The molecular basis for water taste in Drosophila.

Cameron P, Hiroi M, Ngai J, Scott K - Nature (2010)

The ppk28 gene is necessary for cellular and behavioral water responses. a. Extracellular bristle recordings of ppk28 control, mutant and rescue flies after water (left) or 100 mM sucrose (right) stimulation, showing action potentials. Stimulation begins at recording. b. Scatter plot of water and sugar responses (mean ± s.e.m in bars; data points as dots). Water responses are ***P=0.001 by Dunn's multiple comparison. c. G-CaMP fluorescence increase in ppk28 control, mutant and rescue projections to water (%maxΔF/F) (SOG, scale bar 50μm). d. Fluorescence change summary following water, 0.1M NaCl, 1M NaCl, 1M sucrose (n=8-11 trials/concentration ± s.e.m; t-test, ppk28 control versus mutant, water: ***P=0.0008, 1M NaCl: *P=0.03). e. Behavioral assays measuring water or 500mM sucrose consumption time. Control flies drink more water than ppk28 mutants (*P=0.017), ppk28 mutants + ppk28-Gal4 (*P=0.037) or ppk28 mutants + UAS-ppk28 (**P=0.008). Water consumption of control and rescue is not different (P=0.53). Sucrose consumption is not different (vs control, mutant: P=0.63; rescue: P=0.53). n= 3 ± s.e.m trials, 18-25 flies/trial/genotype, t-test.
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Figure 2: The ppk28 gene is necessary for cellular and behavioral water responses. a. Extracellular bristle recordings of ppk28 control, mutant and rescue flies after water (left) or 100 mM sucrose (right) stimulation, showing action potentials. Stimulation begins at recording. b. Scatter plot of water and sugar responses (mean ± s.e.m in bars; data points as dots). Water responses are ***P=0.001 by Dunn's multiple comparison. c. G-CaMP fluorescence increase in ppk28 control, mutant and rescue projections to water (%maxΔF/F) (SOG, scale bar 50μm). d. Fluorescence change summary following water, 0.1M NaCl, 1M NaCl, 1M sucrose (n=8-11 trials/concentration ± s.e.m; t-test, ppk28 control versus mutant, water: ***P=0.0008, 1M NaCl: *P=0.03). e. Behavioral assays measuring water or 500mM sucrose consumption time. Control flies drink more water than ppk28 mutants (*P=0.017), ppk28 mutants + ppk28-Gal4 (*P=0.037) or ppk28 mutants + UAS-ppk28 (**P=0.008). Water consumption of control and rescue is not different (P=0.53). Sucrose consumption is not different (vs control, mutant: P=0.63; rescue: P=0.53). n= 3 ± s.e.m trials, 18-25 flies/trial/genotype, t-test.
Mentions: To determine the function of ppk28 in the water response, we generated a ppk28 mutant by piggybac transposon mediated gene deletion, removing 1.769kb surrounding the ppk28 gene16. We examined the water responses of ppk28 control, mutant and rescue flies by extracellular bristle recordings of l-type labellar taste sensilla. These recordings monitor the responses of the four gustatory neurons in a bristle, including water cells and sugar cells3. Control flies showed 12.0±0.9 spikes/sec when stimulated with water (Fig. 2a, b). Remarkably, ppk28 mutant cells had a complete loss of the response to water (spikes/sec=0.8±0.1). This response was partially rescued by reintroduction of ppk28 into the mutant background (spikes/sec=6.4±1.0), demonstrating that defects were due to loss of ppk28 (Fig. 2a, b). Responses to sucrose were not significantly different among the three genotypes (58.9±3.3 spikes/sec, 46.9±2.6 spikes/sec and 49.0±1.8 spikes/sec, for control, mutant and rescue flies, respectively) (Fig. 2a, b), arguing that the loss of ppk28 specifically eliminates the water response. These results were confirmed by G-CaMP imaging experiments that monitor the response of the entire ppk28 population. As expected, ppk28-Gal4 neurons in the mutant did not show fluorescent increases to water and transgenic re-introduction of ppk28 rescued the water response (Fig. 2c, d). Taken together, the electrophysiological and imaging data demonstrate that ppk28 is required for the cellular response to water.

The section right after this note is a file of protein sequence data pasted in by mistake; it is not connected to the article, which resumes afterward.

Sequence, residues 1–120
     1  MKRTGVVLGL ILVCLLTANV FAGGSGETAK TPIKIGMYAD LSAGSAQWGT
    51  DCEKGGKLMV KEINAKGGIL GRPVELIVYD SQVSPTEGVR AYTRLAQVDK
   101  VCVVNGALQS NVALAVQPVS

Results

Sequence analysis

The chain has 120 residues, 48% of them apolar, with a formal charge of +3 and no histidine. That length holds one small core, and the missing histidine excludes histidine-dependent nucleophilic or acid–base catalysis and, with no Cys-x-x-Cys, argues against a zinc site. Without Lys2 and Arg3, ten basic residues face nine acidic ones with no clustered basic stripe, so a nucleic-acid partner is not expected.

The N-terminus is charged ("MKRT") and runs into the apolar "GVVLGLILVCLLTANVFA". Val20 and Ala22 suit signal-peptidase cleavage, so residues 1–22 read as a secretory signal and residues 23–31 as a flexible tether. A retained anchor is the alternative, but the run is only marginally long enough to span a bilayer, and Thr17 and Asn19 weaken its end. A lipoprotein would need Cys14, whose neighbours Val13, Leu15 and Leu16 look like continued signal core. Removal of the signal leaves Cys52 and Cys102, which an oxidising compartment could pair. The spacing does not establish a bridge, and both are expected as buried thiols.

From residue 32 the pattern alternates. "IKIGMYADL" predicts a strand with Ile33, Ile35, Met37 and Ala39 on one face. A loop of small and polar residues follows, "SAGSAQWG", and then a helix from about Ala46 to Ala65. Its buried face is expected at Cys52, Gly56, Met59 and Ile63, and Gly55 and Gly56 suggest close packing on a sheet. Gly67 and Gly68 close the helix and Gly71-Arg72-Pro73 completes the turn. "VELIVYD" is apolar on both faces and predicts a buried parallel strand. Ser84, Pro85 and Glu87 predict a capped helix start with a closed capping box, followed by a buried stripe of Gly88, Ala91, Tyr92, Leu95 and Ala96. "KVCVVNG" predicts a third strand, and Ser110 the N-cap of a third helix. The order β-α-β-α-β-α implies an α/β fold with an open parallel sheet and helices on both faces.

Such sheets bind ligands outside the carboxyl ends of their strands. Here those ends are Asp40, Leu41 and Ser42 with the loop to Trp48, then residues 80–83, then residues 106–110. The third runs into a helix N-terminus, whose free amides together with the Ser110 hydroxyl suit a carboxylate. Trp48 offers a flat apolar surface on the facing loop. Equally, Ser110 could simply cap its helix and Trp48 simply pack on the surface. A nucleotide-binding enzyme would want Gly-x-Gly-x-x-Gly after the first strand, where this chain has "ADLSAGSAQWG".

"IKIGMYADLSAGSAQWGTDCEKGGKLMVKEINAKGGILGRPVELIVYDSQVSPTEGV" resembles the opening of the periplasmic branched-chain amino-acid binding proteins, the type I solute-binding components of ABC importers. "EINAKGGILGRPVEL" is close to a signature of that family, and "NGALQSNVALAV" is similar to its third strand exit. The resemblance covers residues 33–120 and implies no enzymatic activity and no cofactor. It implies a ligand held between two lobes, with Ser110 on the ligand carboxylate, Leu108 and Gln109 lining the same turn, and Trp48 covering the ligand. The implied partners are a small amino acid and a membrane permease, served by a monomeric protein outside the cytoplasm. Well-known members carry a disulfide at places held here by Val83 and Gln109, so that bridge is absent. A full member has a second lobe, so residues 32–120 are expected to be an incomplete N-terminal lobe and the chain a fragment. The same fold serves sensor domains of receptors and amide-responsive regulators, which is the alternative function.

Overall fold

Bottom Line: Here we identify a member of the degenerin/epithelial sodium channel family, PPK28, as an osmosensitive ion channel that mediates the cellular and behavioural response to water.We use molecular, cellular, calcium imaging and electrophysiological approaches to show that ppk28 is expressed in water-sensing neurons, and that loss of ppk28 abolishes water sensitivity.These studies link an osmosensitive ion channel to water taste detection and drinking behaviour, providing the framework for examining the molecular basis for water detection in other animals.

View Article: PubMed Central - PubMed

Affiliation: Department of Molecular and Cell Biology and Helen Wills Neuroscience Institute, CA, USA.

ABSTRACT
The detection of water and the regulation of water intake are essential for animals to maintain proper osmotic homeostasis. Drosophila and other insects have gustatory sensory neurons that mediate the recognition of external water sources, but little is known about the underlying molecular mechanism for water taste detection. Here we identify a member of the degenerin/epithelial sodium channel family, PPK28, as an osmosensitive ion channel that mediates the cellular and behavioural response to water. We use molecular, cellular, calcium imaging and electrophysiological approaches to show that ppk28 is expressed in water-sensing neurons, and that loss of ppk28 abolishes water sensitivity. Moreover, ectopic expression of ppk28 confers water sensitivity to bitter-sensing gustatory neurons in the fly and sensitivity to hypo-osmotic solutions when expressed in heterologous cells. These studies link an osmosensitive ion channel to water taste detection and drinking behaviour, providing the framework for examining the molecular basis for water detection in other animals.

Show MeSH
Related in: MedlinePlus